Isaac Asimov did more to validate Science Fiction than any other author I can think of. He was seen as a gentle giant by his friends, and is to date the only man to have ever written at least one book in every major subject of the Dewey Decimal system. He wrote hundreds of books, so many that I honestly have no idea where he found the time to sleep, let alone have the life he had. The End of Eternity is just one of dozens of science fiction novels he wrote, all revolving around the belief that Mankind is meant to go to the stars.
The End of Eternity takes place in a Reality where in the 27th century, mankind develops a temporal field that exists outside Time, and extends to the end of eternity, which they call (imagine that) Eternity. This facility is used to monitor the advances of civilization throughout the millenia, to make sure that nothing dangerous occurs (nuclear war, plagues, even high drug addiction counts), and alters world in the past to change the Reality of the future. The main character, Andrew Harlan is a Technician for Eternity, which means that he is the one who determines and enacts the Minimum Necessary Change in order to achieve the desired change in reality.
In the course of his work, Andrew meets a woman of the 482nd Century, whom he falls in love with — a cardinal sin for an Eternal, since that woman exists within Time, and thus is subject to any change in reality that happens. He secrets her away into Eternity, and becomes involved in a critical project necessary to begin Eternity, sending someone back in time to become the âinventorâ of the temporal field. He sabotages the project, but not irreparably (they would have ceased to exist if he had), and is sent back in time to collect the inventor, so they can try again. He brings the woman with him.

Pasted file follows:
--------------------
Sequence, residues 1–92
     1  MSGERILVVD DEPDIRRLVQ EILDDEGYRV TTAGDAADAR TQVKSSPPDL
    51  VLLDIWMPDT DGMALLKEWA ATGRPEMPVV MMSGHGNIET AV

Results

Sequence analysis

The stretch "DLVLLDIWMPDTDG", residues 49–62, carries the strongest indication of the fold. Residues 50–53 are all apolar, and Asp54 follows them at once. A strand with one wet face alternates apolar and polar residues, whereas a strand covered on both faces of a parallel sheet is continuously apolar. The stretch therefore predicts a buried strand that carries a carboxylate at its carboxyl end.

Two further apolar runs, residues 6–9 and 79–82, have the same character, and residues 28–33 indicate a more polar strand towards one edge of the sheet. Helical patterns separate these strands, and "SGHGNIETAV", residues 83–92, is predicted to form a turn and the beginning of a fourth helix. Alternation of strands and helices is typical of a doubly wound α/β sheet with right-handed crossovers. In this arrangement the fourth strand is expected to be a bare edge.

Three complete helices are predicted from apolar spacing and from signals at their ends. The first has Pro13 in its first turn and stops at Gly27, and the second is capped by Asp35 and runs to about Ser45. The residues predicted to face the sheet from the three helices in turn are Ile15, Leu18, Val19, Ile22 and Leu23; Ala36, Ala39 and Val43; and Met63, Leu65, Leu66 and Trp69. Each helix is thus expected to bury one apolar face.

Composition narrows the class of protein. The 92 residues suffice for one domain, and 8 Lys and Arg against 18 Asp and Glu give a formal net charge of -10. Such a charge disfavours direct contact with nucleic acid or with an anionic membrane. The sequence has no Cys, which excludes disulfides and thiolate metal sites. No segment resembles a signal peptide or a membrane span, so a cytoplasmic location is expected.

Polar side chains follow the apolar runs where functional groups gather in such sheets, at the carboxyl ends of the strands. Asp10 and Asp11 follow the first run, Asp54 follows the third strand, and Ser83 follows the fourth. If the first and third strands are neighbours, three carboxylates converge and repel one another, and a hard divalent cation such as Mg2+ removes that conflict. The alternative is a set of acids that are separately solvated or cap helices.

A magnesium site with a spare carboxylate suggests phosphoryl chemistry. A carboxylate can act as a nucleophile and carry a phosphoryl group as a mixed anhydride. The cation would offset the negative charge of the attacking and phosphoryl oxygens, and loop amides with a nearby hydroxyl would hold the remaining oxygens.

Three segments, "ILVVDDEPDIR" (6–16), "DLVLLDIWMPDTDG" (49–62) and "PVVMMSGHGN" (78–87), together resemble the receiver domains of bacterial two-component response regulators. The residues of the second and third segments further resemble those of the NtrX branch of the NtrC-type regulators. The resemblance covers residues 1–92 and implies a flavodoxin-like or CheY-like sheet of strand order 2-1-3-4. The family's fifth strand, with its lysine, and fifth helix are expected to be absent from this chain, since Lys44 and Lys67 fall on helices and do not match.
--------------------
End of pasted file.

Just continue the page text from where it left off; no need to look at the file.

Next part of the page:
Piecing together clues throughout the book, he realizes that the woman is not in fact from the 482nd Century, but significantly further âupwhenâ, in the 111,000s, which is considered a âhidden centuryâ, where Eternity is blocked from entering or meddling in the time stream. He figures out that she is here to stop Eternity from ever existing, to stop them from meddling with time. Realizing that perhaps Eternityâs meddling brings more harm than good, he chooses not to stop her, ending the existence of Eternity.
The story is good, and works well as a science fiction mystery, filled with intruige. The characters, in particular the protagonist Andrew Harlan, are a bit flat, however, which puts a bit of a hinderance on my enjoyment of the book. I like the underlying message, however: that safety and innovation are unfortunately mutually exclusive, and that the only way weâll survive is if we stop mothering ourselves to death. The pacing is good. I managed to read it fairly quickly (about a day).
Would I recommend it? Alone, probably not. In conjunction with the read of Asimovâs work, absolutely. Asimov tended to write in one story-universe, even though the books were separate. Even his two most well known series (Robot and Foundation) are actually connected and made of the same world, and The End of Eternity is no exception. Seeing the mosaic as a whole is really remarkable, and where I think the story gives the most enjoyment.
Asimov, Isaac. The End of Eternity. Greenwich: Fawcett Crest Books, 1971.